Triple digit temperatures are pounding the southwest and breaking records all across the country.
More than 111 million people were under extreme heat advisories, watches and warnings this week, according to the National Weather Service.
In Texas, local officials are calling for residents to conserve power where they can as energy demands throughout the state test the power grid.
Alison Silverstein is a consultant and former senior advisor with the Federal Energy Regulatory Commission.
"Every year in Texas has been hotter than the year before, for like 30 years now, thanks to climate change," said Silverstein.
Silverstein says Texas' exploding population and business growth is partly to blame.
"We did not design the grid with the intention or capability to keep up with that in terms of generation," she said.
The Electric Reliability Council of Texas or ERCOT covers 25 million customers or 90% of the state’s electrical load.
In February of 2021 extreme cold led to a power grid failure, blackouts all over Texas and hundreds of deaths. Demand is high this summer, too, but ERCOT says the grid will hold up.
Michael Webber is a professor at the University of Texas. He says unlike the rest of the country, the Lone Star State’s power grid stands alone and isn’t inter-connected with the rest of the country — which can make it less reliable.
"We built a lot of wind, a lot of solar, a lot of batteries and some natural gas plants in the last few years, we have more capacity. And as long as it doesn’t break, it's pretty good," said Webber. "Texas is one of three grids in America — it’s East, West and Texas. We stand alone for a whole variety of cultural and political and policy reasons which means when times are tough, we can't lean on our neighbors for help the way the other states can, we're on our own."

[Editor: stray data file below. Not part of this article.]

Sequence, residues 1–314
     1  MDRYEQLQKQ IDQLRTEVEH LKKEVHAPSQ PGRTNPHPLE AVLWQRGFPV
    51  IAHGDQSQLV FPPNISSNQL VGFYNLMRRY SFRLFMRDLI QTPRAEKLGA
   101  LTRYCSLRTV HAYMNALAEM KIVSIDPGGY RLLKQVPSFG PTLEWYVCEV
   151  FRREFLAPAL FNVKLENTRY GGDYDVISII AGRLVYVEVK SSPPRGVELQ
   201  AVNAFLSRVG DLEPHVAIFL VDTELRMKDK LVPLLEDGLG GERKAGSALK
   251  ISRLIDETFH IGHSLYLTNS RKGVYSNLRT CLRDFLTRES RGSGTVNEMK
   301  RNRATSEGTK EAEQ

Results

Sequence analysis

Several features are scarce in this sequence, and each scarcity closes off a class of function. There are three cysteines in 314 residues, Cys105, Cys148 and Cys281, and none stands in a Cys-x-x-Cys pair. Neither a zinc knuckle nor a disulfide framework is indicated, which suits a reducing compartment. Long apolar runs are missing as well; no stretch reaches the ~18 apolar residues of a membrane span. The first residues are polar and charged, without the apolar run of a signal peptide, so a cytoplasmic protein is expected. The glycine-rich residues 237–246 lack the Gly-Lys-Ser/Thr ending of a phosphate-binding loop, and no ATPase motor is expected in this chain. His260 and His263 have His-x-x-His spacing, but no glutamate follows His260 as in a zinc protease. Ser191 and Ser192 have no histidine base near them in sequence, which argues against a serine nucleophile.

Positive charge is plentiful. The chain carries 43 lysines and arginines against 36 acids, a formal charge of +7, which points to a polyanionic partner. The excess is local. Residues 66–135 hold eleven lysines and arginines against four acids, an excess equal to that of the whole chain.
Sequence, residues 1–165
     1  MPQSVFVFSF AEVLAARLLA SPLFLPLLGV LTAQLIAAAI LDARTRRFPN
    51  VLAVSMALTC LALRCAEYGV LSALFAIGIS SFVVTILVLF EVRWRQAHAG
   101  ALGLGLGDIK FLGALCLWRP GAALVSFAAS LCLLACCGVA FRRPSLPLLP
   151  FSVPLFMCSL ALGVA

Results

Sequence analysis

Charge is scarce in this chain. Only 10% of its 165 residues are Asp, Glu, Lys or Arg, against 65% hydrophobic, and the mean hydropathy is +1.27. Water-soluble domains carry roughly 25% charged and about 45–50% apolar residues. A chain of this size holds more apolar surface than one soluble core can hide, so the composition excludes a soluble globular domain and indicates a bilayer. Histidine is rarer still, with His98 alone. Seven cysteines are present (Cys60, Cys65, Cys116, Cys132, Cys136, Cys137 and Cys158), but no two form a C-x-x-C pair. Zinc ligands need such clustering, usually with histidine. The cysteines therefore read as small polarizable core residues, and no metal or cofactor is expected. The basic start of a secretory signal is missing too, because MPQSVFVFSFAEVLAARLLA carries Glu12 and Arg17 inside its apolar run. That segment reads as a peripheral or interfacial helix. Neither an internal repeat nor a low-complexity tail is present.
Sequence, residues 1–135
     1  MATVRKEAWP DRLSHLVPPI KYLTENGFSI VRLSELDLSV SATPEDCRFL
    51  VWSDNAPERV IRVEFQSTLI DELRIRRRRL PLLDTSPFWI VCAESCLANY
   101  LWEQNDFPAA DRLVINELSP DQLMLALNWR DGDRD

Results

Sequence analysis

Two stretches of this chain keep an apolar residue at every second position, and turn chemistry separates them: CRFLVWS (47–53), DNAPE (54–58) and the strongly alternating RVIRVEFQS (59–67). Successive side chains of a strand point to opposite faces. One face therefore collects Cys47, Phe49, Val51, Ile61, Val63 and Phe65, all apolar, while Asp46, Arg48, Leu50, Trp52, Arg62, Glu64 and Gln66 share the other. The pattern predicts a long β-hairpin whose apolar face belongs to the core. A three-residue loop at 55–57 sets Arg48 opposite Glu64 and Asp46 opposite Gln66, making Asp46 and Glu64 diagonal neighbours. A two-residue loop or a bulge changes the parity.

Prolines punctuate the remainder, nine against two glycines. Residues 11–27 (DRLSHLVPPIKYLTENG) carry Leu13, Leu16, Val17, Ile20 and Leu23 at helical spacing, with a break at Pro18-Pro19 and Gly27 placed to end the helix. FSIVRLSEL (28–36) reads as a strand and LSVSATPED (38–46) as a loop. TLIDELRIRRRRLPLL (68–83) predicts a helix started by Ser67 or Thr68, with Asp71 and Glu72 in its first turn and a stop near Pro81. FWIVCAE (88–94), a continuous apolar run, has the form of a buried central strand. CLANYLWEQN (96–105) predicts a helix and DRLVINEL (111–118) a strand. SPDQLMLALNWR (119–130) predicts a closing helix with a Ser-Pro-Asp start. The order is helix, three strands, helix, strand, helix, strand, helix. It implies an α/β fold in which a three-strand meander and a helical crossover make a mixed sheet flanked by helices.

But the rest of the country faces high demand this season, just like Texas. According to the North American Energy Reliability Corporation, "two-thirds of North America is at risk of energy shortfalls this summer during periods of extreme demand."
"Heat is the silent killer," Webber said. "It doesn't come with the noise of wind, or the obvious clouds or the storms that tell you something is coming. That means people who are already at risk — people with obesity, people with heart problems, you name it — if they're exposed to heat too long, the body just can't keep up at some point, you have a lot of collapses and a lot of deaths."
This extreme heat could carry into next week as a "high-pressure dome" moves from Texas into Arizona, where temperatures have hit 110 degrees for nearly two weeks straight.
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